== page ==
Another deal is finally complete in the world of PA gambling sites.
The Pennsylvania Gaming Control Board (PGCB) Wednesday voted unanimously to award a Category 4 slot machine license to SC Gaming OpCo, LLC to construct a Category 4 casino in College Township, Centre County, which will be operated by Bally’s Corporation.
A Category 4 license permits a business to operate between 300 and 750 slot machines. According to a PGCB release, they also could petition for permission to operate up to 30 table games for an additional fee of $2.5 million with an option of adding 10 more table games after the first year of operation.
The new layout will offer: 750 slot machines, 30 table games, a retail sportsbook and a live special event stage, along with food and beverage outlets. No target date has been announced, but SC Gaming said that construction will last approximately 12 months.
According to the PGCB, construction costs are estimated at $35 million. Hopes are that the new facility will mean 350 full-time construction jobs and 350 jobs for full-time employees when it begins operations.
This concludes close to 2½-year process the PGCB began in September 2020 when businessman Ira Lubert secured the right to locate a casino with a bid of more than $10 million at a Category 4 auction.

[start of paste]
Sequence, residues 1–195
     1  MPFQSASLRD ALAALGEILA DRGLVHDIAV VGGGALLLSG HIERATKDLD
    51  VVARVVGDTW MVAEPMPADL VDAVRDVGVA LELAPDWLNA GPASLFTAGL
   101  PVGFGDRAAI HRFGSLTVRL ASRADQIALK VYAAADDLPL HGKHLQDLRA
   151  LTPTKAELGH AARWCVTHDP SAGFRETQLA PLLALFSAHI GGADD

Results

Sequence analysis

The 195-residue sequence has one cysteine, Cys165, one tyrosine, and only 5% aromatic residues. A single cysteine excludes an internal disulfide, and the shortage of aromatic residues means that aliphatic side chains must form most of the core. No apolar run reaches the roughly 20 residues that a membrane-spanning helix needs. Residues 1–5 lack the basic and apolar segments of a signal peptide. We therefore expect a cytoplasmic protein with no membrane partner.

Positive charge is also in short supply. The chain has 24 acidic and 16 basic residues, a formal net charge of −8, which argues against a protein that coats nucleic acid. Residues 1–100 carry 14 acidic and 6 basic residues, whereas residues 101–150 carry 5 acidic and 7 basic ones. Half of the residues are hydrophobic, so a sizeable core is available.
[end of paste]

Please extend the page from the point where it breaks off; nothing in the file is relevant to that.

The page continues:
Lubert applied to the Board in January 2021 to locate the casino at a space previously occupied by a Macy’s department store at the Nittany Mall, which is located along College Avenue in College Township.
The PGCB followed with an in-depth background investigation of the application along with the collection of public input from citizens and public officials.
The PGCB held a final licensing hearing and questioned representatives of SC Gaming OpCo.
Pennsylvania’s land-based casinos now include six racetracks (Category 1), five stand-alones (Cat 2), two resorts (Cat 3) and three mini-casinos (Cat 4).
In addition, Pennsylvania is one of a handful of states with real money online casinos that allow Pennsylvania gaming apps.
In addition to PA slots, New Jersey, Delaware, Connecticut, Michigan and West Virginia also have slots and online table games, such as blackjack and baccarat.
It is expected that casino expansion in the Keystone State will continue over the next few years with up to two additional Cat4 casinos.
Casinos and the other PGCB-regulated gaming in state generated over $2 billion in tax revenue last year.
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